Windows 7 RC

This is an update to my earlier remarks about Windows 7 Beta.

There are several improvements in the release candidate. First, there is a default way of reaching the desktop. It is subtle, in the far right edge on the desktop, but eliminates the need for the hack in my review of W7B. W7RC1 fixes another complaint as well; whatever caused Cisco VPN to need a snake oil wave-a-bone-over-your-PC-while-burning-incense type installation is no longer needed; it installs normally. The taskbar remains terrific.

I had trouble with wireless when I resumed from hibernation on old (IBM Thinkpad X31) hardware using W& Beta; that problem seems to be fixed. (Specifically, sometimes I had to shut down and turn the wireless back on for it to connect to my home router.) What is weird is both before and after I'm using the same drivers, so it must have been a problem running the vista driver.

I installed W7RC on a Thinkpad X31 with a 15.2GB SSD. Because W7 is a 10GB install, I used vlite to strip down the install. I just followed these instructions. What is kind of cool is that with a 16GB USB key drive I do a fresh install of windows and recover all my files and settings in about an hour. The trick is to have all the needed programs and files on the drive too, and use easy transfer to copy the settings. Easy transfer really is easy, and it recovers not just Windows and Office settings but Firefox and Filezilla, too.

On the SSD, I keep my documents on a CF card. W7 prevents moving the My Documents folder officially to a card; only fixed disks are permitted. However, links cards are permitted for Favorites, and this is enough to make navigating to my moved My Documents folder straightforward.

Easy transfer and Vlite has improved my backup strategy somewhat. I used to require disks, in particular Windows's disk, to perform a backup. Now, however, I can put a full backup on a 4GB USB key and my regular 16GB USB key. I use my regular key to keep the My Documents folder of various computers in sync. This key lives on my keyring and is protected against loss with TrueCrypt. My second USB key contains Windows 7 (stripped to 1.3GB by Vlite), Office 2007, Mathematica, and an easy-transfer of settings but not documents (total size about 600MB, and 440MB of that is Office settings.) With this pair of USB drives, I can be up and running from scratch (on a new computer) in three hours.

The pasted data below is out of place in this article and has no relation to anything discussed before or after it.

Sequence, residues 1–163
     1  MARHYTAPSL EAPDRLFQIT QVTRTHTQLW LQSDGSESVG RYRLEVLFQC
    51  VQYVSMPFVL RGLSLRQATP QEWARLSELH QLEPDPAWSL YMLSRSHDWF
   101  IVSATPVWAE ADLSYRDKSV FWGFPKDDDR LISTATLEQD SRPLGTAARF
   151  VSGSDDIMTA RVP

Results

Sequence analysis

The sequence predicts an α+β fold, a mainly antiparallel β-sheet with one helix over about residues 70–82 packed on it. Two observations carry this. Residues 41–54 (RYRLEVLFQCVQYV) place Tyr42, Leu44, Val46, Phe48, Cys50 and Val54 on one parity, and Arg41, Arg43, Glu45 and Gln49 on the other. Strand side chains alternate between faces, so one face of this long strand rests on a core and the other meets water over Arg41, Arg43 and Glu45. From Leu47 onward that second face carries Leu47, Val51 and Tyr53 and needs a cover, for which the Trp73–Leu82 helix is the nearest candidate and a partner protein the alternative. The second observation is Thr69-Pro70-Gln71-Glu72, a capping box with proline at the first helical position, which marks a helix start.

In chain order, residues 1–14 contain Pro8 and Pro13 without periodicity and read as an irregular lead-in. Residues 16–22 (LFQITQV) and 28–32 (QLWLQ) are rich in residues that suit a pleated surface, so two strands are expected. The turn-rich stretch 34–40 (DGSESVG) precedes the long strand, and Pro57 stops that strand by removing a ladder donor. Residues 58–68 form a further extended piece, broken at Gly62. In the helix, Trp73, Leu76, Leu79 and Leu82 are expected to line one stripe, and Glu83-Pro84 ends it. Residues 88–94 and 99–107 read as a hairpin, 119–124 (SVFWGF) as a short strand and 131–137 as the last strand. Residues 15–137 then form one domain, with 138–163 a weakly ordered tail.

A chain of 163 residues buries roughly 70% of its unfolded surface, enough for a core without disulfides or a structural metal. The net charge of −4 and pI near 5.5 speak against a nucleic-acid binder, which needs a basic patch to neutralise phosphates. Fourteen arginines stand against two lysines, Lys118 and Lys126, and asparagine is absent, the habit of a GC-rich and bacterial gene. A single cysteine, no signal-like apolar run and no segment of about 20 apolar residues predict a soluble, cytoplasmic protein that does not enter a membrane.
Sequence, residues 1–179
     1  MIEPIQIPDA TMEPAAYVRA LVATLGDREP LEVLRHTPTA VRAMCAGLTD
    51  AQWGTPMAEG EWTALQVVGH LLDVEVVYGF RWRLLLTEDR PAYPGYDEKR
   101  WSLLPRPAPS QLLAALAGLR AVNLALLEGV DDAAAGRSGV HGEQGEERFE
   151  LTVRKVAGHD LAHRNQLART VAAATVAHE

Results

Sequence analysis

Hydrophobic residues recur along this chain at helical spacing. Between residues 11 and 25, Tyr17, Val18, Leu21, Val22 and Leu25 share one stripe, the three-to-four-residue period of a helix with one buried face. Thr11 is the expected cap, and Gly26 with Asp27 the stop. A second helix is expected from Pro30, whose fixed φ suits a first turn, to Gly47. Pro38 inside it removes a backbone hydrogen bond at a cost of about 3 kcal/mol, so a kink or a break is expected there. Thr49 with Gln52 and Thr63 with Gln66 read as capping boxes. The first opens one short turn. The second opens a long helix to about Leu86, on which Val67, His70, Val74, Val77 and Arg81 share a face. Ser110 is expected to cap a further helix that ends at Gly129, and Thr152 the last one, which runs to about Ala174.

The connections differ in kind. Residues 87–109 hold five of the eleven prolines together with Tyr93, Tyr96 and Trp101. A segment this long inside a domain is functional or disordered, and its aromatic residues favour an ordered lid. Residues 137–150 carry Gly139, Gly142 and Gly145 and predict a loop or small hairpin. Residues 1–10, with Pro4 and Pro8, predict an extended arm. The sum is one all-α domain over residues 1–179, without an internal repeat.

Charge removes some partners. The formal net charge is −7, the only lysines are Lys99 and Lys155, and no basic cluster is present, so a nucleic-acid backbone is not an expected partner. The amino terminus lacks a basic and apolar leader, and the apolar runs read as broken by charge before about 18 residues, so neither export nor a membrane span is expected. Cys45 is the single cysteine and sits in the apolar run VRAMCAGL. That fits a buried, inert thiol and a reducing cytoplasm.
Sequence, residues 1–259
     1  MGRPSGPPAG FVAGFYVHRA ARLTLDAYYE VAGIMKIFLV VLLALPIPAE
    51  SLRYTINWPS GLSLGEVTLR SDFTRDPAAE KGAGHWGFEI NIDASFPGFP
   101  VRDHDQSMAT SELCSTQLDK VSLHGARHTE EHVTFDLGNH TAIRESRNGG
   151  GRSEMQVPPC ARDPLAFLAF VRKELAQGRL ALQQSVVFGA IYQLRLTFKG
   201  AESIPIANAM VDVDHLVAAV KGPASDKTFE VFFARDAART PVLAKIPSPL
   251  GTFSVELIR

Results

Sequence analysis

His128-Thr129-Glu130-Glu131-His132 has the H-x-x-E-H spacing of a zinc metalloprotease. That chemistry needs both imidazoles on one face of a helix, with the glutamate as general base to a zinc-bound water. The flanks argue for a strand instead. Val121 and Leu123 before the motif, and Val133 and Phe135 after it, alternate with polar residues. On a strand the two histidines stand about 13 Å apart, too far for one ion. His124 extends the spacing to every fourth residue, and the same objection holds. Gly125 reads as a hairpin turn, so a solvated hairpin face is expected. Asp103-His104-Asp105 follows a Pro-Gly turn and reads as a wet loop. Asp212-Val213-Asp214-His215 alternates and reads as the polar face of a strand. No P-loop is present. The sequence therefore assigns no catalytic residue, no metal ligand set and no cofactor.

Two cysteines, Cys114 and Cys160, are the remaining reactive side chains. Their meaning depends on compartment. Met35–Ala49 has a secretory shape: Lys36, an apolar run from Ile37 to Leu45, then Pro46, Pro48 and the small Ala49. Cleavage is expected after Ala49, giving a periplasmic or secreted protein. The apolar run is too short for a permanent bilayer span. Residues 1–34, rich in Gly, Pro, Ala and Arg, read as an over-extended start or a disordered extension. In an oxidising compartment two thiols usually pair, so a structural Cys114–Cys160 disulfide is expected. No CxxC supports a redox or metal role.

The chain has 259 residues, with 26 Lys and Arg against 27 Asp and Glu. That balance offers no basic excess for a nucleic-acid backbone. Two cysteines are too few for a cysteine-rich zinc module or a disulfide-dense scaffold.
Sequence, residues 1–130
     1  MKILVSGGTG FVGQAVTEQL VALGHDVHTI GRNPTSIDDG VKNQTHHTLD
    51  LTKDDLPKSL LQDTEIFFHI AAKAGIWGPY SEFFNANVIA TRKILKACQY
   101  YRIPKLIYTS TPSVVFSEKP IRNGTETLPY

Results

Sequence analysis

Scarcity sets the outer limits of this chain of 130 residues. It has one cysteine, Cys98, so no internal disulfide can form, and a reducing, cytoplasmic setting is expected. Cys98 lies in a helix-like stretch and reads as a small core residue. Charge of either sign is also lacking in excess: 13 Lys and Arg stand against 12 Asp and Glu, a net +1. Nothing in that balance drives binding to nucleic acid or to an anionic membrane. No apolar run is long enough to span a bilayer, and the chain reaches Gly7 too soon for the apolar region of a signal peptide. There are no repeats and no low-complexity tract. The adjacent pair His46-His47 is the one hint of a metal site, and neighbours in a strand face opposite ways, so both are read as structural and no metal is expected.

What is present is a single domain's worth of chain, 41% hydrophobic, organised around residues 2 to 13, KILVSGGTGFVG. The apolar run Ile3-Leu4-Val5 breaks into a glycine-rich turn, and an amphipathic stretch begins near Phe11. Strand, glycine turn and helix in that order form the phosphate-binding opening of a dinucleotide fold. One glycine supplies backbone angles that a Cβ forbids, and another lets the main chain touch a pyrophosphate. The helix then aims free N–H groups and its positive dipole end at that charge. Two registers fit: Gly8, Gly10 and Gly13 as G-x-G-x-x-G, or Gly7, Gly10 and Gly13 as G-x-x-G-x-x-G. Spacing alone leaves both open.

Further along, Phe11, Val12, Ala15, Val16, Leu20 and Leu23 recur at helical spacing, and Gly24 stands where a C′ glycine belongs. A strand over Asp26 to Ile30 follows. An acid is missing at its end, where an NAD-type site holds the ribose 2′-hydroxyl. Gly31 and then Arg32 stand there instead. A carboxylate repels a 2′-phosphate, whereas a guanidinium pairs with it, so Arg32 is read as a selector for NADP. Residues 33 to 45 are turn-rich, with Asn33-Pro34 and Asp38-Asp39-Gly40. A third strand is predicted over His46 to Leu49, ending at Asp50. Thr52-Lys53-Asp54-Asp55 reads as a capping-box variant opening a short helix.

I was a little more aggressive in stripping out components than Rick but nevertheless W7 turns into 7 GB. That is bettter than 9.07, which is what I got without VLite, but not going to run on a, say 8GB drive with Office 2007 and other programs. I turned on compression which saves a GB or so overall and reduced Windows to 6.6. I don't know how people are running W7 on 4GB drives, as is reported.

On one of my machines, W7 wants to check the disk every time it starts. Once diskchecking starts, it can't be stopped and finds no errors. I wound up disabling diskchecking by Start > Search > cmd, Right click Run as Administrator, then type

chkntfs /X c:

and enter. This procedure probably isn't optimal but given that I ran checkdisk and didn't find any errors, it is probably safe for a while. To undo the disabling, entering chkntfs /D into cmd does the trick.

Preston McAfee, May 2009.

Create a shortcut to Network Connections

To create a shortcut to Network Connections, navigate to C:\Windows\System32, and then right-click on ncpa.cpl and select "Create shortcut." You'll be told you can't create a shortcut here (then why'd you ask?) would you like one on the desktop instead? Agree, then navigate to the desktop and cut and past this shortcut wherever you like. Then right-click and rename to, say, "Network Connections". Then from that location (since you probably won't want it on the desktop) you can drag it over the start circle, where it will pin a copy to the start menu.

I also put my network connections shortcut in the start menu programs list. This was a little klugy compared to XP (you can't edit in the folder, but have to edit in the start menu list itself) but straightforward enough. (I'm not sure why editing the items in the start menu fails. The options are present -- e.g. rename folders -- but they "can't be completed because it is open in another program." This seems like a W7 glitch.)